India is an ageless place where the past infuses every aspect of modern life. Since ushering in an economic liberalisation programme in 1991, India has been in a headlong rush to modernise and open up its complex and multifaceted economy to global market forces. The architect of the economic reforms in the early 1990s was Dr Manmohan Singh, Minister of Finance in the Congress government led by P.V. Narasimha Rao. Yet, despite the mantra of India’s march to progress, the modern Indian economy remains a captive to its past.
In 2004, Dr Singh became Prime Minister of India, the first Sikh to hold the office. Midway through his ten-year term as Prime Minister, in 2009, he took the bold step of appointing a gifted Cornell economics professor, Kaushik Basu, as Chief Economic Adviser to the Government of India (Manmohan Singh himself once held the post). The appointment, as Professor Basu explains, was a brave move and a break in tradition as he himself had no prior experience in government, and certainly not the frontline of economic policy-making, having till then spent his entire career engaged in academic research and teaching.
During his two-and-a-half year stint as Chief Economic Adviser, Professor Basu kept a diary, realising that his valuable experiences in government should not be left to the vagaries of memory. The result is a lively and deeply personal account of the inner workings of the Indian government from the comfort of Basu’s perch in Lutyen’s Delhi as well as a primer on the contemporary Indian economy and the art of economic policy (or deal) making.
The book’s title reflects the author’s efforts to make the art of economic policy-making accessible to the reader without a formal training in economics. This is no easy task, but Basu largely succeeds in shepherding the reader through the thickets of real world economic problems. While the book primarily deals with a range of economic policies from setting tax rates to designing subsidies to creating voucher schemes for India’s rural poor, it also makes the case for paying closer attention to the social, behavioural and institutional foundations of Indian society, so vital to understanding the impact of economic policies on a society anchored to a complex set of social, historical and political factors.
Basu’s views on key areas for reform of the contemporary Indian economy are dealt with in a sequence of inter-related chapters, in which he argues for major economic and administrative reform. “Much of India’s rules of administration”, he says, “are inherited from Britain. India’s problem is that it has held on to those rules more steadfastly than Britain and other Commonwealth nations” (168). This situation is made even more challenging because, since 1947, the scaffolding for the Indian economy came from the two principal architects of post-independence India, Mahatma Gandhi and Jawaharlal Nehru, whose different economic philosophies often meant that “there were deep contradictions policy-makers tried to accommodate within the same system that would later give rise to fault lines and fissures in the economy and hold up development” (16). India’s policy-makers are still wrestling with this legacy today.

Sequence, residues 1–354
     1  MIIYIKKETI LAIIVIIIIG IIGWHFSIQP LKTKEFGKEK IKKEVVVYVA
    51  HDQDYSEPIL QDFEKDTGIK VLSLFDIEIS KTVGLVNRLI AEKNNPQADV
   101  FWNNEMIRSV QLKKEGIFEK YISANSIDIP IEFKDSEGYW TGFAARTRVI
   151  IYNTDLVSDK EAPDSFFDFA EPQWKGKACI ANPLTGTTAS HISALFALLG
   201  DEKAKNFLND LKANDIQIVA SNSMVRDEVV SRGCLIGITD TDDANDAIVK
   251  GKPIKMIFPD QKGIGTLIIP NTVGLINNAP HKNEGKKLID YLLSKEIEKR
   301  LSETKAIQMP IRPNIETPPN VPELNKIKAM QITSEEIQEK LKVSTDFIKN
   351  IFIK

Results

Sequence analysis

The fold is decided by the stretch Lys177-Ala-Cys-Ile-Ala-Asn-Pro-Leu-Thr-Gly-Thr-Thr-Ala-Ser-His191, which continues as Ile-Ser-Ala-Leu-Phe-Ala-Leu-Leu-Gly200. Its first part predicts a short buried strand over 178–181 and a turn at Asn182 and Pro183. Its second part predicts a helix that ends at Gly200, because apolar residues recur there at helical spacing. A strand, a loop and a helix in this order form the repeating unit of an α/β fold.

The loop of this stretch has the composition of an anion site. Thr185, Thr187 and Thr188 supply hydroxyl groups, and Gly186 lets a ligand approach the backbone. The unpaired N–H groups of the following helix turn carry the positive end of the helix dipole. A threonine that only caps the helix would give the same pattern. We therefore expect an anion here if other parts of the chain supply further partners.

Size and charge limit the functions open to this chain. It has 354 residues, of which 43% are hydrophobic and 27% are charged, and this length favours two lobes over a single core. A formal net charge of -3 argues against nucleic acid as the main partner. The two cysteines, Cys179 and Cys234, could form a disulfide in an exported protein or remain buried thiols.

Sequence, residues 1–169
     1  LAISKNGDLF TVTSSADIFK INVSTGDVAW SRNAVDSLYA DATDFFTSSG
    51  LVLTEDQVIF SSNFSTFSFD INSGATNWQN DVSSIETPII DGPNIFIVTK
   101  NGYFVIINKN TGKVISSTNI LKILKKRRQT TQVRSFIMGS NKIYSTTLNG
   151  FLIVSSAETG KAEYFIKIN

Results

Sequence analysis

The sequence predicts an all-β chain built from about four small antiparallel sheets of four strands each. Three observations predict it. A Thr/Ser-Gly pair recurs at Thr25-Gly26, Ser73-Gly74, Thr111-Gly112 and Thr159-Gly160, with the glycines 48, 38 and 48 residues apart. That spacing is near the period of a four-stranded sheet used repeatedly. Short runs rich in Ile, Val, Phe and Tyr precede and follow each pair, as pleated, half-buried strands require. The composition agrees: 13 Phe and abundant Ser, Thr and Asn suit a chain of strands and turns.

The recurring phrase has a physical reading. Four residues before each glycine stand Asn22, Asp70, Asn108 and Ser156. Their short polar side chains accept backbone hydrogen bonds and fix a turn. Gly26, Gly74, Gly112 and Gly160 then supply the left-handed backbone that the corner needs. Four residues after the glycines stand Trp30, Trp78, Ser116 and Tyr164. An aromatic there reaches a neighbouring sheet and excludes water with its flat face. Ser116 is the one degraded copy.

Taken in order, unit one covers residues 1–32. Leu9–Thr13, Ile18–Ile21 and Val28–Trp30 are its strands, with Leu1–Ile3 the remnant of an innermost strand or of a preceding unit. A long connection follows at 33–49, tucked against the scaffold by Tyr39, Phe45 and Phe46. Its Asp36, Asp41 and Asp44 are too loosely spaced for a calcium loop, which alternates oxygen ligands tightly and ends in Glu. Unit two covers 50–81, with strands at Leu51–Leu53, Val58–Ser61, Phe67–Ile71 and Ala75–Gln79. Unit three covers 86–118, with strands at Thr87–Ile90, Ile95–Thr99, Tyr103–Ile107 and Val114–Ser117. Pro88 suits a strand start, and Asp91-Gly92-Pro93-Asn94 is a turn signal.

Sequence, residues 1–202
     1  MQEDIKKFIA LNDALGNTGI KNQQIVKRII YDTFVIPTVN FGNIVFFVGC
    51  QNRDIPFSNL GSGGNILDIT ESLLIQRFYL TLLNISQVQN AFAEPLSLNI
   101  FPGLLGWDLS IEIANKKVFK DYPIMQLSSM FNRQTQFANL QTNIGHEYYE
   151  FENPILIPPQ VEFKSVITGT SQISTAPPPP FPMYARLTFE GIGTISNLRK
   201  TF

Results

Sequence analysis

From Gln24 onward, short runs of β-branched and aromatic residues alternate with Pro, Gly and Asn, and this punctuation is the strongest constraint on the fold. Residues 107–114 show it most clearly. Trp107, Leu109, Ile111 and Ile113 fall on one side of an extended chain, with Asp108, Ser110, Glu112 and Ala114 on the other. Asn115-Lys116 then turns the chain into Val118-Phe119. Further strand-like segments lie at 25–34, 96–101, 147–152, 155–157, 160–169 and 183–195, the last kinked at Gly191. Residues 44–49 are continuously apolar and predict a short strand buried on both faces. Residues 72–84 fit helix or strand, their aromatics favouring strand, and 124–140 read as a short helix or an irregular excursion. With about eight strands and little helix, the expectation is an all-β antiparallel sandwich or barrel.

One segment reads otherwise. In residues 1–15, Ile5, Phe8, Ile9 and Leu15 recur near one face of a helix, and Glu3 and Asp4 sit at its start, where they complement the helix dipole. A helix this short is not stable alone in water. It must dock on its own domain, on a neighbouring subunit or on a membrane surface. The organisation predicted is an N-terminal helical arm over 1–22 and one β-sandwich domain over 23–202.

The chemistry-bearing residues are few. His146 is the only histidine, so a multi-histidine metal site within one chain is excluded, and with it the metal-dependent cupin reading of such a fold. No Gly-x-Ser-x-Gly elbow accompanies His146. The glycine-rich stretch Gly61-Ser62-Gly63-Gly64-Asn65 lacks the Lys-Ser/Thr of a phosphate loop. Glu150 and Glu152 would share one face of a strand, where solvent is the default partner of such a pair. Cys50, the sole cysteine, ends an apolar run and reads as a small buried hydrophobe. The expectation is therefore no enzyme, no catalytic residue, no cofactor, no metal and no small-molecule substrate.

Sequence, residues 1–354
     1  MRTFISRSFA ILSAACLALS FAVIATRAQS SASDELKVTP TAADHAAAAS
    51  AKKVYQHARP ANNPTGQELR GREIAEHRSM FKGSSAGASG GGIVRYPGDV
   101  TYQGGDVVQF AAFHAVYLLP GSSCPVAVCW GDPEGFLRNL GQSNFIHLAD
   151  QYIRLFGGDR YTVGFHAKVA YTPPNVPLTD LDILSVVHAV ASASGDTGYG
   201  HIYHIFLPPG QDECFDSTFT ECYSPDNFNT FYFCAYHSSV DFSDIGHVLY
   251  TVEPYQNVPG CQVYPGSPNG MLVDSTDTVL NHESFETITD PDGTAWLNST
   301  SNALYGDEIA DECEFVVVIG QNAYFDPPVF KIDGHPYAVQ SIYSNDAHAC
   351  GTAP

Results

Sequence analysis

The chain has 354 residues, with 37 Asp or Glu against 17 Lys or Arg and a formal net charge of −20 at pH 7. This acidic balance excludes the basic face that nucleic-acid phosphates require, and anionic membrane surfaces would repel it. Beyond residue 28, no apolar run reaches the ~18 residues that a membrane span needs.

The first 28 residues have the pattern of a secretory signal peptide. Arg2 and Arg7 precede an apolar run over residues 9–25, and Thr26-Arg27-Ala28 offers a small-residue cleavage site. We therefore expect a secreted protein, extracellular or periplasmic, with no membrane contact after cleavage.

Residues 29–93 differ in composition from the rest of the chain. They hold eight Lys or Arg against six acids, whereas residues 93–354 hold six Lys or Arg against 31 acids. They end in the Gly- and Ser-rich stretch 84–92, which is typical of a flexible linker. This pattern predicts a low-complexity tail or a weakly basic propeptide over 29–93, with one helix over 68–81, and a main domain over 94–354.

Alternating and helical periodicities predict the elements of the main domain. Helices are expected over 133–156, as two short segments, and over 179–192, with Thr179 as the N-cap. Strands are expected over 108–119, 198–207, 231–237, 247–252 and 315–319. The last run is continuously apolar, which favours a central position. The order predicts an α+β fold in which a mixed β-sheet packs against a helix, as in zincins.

Still, Basu argues passionately that the Indian growth story remains intact, although supportive policy reform is needed to raise the nation to the platform of industrialized countries. The road ahead will contain challenges, surprises and pitfalls, but the prospect of a major economic take-off is very real and Basu points to India’s youthful and ambitious population, the widespread use of the English language, the tradition of higher education, and its democratic institutions and inherited traditions of civic tolerance as militating to open up new opportunities for the Indian economy.
Professor Basu, presently serving as World Bank Chief Economist, left the Indian economic service before Narendra Modi’s Bharatiya Janata Party (BJP) swept to power in a dramatic landslide general election in May 2014 promising to kick-start India’s ailing economy and restore confidence in its deeply corrupt political and judicial system. Despite electoral promises and commitments made by the Modi government, very little of the reform programme on which the BJP staked its reputation has been implemented. Such setbacks, if they persist, will drain momentum and weigh on the performance of the Indian economy at a vital juncture in its economic development.
Still, the Indian economic renaissance remains an exciting project and this highly entertaining and hugely informative insider’s view of high government office in North Block, Rajpath, is essential reading for anyone wanting to understand the vagaries of economic policy-making in contemporary India. The creators of the BBC series, Yes Minister, could not have scripted it any better.
Kaushik Basu. An Economist in the Real World: the art of policymaking in India. New York: Penguin Viking, 2016.
Mark Donoghue has held faculty appointments at the Australian National University, National University of Singapore and the University of Notre Dame (Australia). He is currently on the faculty of SIM University, Singapore. He has published extensively in the field of the history of economic thought and has a biography of William Thomas Thornton forthcoming.